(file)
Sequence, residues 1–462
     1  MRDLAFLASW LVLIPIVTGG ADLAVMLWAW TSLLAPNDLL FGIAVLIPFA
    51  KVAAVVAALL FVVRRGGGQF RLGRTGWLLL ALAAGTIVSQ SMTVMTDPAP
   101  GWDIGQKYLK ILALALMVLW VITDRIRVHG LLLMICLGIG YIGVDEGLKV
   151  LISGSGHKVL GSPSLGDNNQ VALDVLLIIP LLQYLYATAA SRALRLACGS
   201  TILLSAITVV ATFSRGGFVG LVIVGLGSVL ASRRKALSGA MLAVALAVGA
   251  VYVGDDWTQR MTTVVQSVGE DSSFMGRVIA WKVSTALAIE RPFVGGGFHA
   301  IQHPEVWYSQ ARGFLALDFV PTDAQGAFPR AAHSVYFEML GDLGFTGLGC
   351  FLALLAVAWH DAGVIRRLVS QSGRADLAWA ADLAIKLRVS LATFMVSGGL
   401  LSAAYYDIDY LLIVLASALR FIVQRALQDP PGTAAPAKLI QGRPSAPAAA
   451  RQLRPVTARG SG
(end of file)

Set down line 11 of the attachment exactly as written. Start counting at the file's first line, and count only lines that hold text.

   451  RQLRPVTARG SG